Institute enlightens Americans on German politics, economics
January 6, 2009
WIESBADEN, Germany - As world political and economic systems become more integrated, and the U.S. presence in Europe endures, there is a growing desire to know more about the host country.
There is an institution here that allows Americans an insightful look into the German political, social and economical construct while preserving low-level relations between Germany and the United States.
Haus Rissen Hamburg, International Institute for Politics and Economics, founded in 1954, is one of the leading German think tanks for German-U. S. relations. It organizes a five-day seminar that is a forum for progressive thought and discussion in a national and global framework.
"What we are doing here is really on the grassroots level," said Dr. Philipp-Christian Wachs, Haus Rissen Hamburg managing director. "Our goal is that the participants have open minds about German and U.S. relations, and politics and economy at the end of the seminar. It's the only thing we can achieve in one week."
The institute extends invitations throughout the year to U.S. servicemembers and Department of Defense civilian employees stationed in Germany. Participants sit with German military counterparts in discussion forums led by subject matter experts in areas of politics and foreign affairs, national security, history and economics.
"I have lived in Germany most of my adult life. I have a degree in German studies and I welcome any opportunity to learn more about the German political culture," said Eugene Hickman, U.S. Army Garrison Wiesbaden Education Services officer.
"I intend on remaining in Germany and I wanted to gain a better understanding of the trade relationship and NATO's future as the European Union grows and evolves into a single trade and economical world power," said Carroll Randall, a garrison Directorate of Logistics Plans and Operations specialist.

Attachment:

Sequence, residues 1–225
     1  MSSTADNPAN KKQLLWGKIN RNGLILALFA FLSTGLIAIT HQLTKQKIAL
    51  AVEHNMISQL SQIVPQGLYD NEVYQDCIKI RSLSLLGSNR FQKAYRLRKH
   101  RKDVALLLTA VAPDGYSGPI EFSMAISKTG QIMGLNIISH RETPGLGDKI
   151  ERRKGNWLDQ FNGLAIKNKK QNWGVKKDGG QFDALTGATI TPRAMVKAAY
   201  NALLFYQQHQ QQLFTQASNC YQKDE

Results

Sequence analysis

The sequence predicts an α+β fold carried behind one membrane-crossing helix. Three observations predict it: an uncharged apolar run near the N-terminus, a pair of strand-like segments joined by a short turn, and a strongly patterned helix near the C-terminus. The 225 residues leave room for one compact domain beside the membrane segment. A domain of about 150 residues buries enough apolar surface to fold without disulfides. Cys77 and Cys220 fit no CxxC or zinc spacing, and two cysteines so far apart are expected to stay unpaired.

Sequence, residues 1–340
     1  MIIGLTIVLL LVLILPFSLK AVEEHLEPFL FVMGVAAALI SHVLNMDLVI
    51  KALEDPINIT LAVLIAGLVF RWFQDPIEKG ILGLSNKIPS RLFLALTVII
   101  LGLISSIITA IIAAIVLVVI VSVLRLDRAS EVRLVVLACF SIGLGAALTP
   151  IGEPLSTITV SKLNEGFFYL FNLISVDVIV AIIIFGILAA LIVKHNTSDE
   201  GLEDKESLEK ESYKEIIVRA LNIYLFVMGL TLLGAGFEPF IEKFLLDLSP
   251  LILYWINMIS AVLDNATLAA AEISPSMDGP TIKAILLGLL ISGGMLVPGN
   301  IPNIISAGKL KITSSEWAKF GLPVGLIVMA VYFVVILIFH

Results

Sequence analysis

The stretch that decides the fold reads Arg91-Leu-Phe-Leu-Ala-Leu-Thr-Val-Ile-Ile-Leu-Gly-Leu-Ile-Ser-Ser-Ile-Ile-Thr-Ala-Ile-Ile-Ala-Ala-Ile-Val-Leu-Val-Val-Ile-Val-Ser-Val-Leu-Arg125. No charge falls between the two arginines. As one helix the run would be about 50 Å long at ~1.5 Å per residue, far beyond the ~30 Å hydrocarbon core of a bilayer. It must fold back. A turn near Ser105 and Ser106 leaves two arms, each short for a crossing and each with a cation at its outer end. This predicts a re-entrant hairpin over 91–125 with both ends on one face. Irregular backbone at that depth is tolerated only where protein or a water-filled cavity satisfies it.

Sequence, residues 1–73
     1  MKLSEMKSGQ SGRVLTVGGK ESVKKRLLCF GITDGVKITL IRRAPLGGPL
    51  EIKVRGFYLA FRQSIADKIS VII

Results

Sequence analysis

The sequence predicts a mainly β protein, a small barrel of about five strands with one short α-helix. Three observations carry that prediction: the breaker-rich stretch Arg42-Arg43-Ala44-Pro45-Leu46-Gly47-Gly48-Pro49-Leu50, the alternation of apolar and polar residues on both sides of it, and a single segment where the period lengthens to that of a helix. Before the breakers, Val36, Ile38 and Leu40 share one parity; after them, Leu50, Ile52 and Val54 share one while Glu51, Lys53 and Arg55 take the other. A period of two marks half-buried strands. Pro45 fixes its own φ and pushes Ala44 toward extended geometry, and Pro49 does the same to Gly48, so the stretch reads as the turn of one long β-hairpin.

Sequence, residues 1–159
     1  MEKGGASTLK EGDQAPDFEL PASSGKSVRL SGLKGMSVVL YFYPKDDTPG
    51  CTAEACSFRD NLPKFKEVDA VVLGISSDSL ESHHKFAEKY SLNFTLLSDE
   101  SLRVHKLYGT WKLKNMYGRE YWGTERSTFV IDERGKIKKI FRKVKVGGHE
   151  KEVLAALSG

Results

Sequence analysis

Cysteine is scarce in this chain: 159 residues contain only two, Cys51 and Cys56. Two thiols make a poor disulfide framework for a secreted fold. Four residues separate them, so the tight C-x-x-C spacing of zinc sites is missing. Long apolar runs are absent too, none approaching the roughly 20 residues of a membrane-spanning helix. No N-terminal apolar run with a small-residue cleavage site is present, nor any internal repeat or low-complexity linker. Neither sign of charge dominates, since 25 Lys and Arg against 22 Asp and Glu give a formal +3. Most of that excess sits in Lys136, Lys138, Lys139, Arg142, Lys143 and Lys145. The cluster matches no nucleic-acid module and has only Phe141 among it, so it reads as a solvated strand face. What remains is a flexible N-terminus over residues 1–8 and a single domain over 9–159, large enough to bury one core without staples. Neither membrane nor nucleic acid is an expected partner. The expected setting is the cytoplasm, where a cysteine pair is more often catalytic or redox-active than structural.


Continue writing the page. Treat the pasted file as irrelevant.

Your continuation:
Though the focus is on presenting Germany to foreigners, even host nation citizens find benefits in attending.
"I wanted to get back into speaking English and meeting new friends again. ... As for military, it's making bonds and forming lasting friendships," said Torben Dickel, an officer in the Bundeswehr (German armed forces).
Lodging and daily itineraries are purposely ordered to encourage extracurricular discussion. Guests stay at the institution, with breaks and meals strategically scheduled to allow attendees numerous opportunities to talk about the subject matter presented.
"Opinions and different perspectives are always welcome at Haus Rissen Hamburg," said Wachs. "What tend to be most popular are discussions during the breaks and at dinner."
Guests are encouraged to make the most of additional opportunities in mixed company.
"Equally important was the opportunity to get to know German officers on a personal basis," noted Hickman.
"It was rewarding because it allowed me opportunity to interact with people from diverse agencies with different opinions," added Randall.
Seminar administrators say the expectations of participants are generally the same at the start of each session.
"Americans usually have a high motivation to hear about the security policy and to know more about Germany because they realize their short time in Germany," said Wachs. "They are always surprised to see how this social market economy can work at all."
Because forum discussions are stimulated by the current global events, officials are often witness to dynamic seminar sessions.
"The most frustrating time was during the beginning of the Iraq war. ... Americans had doubt of German-U.S. relations," said Dr. Eckard Bolsinger, head of the research program for Haus Rissen Hamburg, and who was also on staff after the Sept. 11, 2001, attacks. "We stand for good transatlantic relations, and we focus on keeping the core of our transatlantic relationship intact. Things are getting better now."
While Haus Rissen Hamburg officials simply wish participants leave with a broader perspective, attendees tend to take away a little more.
"The seminar provided me the opportunity to get the most up-to-date information on the direction of German politics, government and international relations. The lectures on the German market economy were especially helpful to me," said Hickman.
"It was a review of history, it allowed me to see the connection of the economy," said Dickel. "The talk is that our way will take us to a unified Europe, and attending this course allows me to get more understanding on that."
"I recommend Haus Rissen Hamburg to any American here to enhance awareness that there is more to our purpose for being in Germany. We are delegates of the U.S. government, and we should always be mindful of improving German-American relations," said Randall.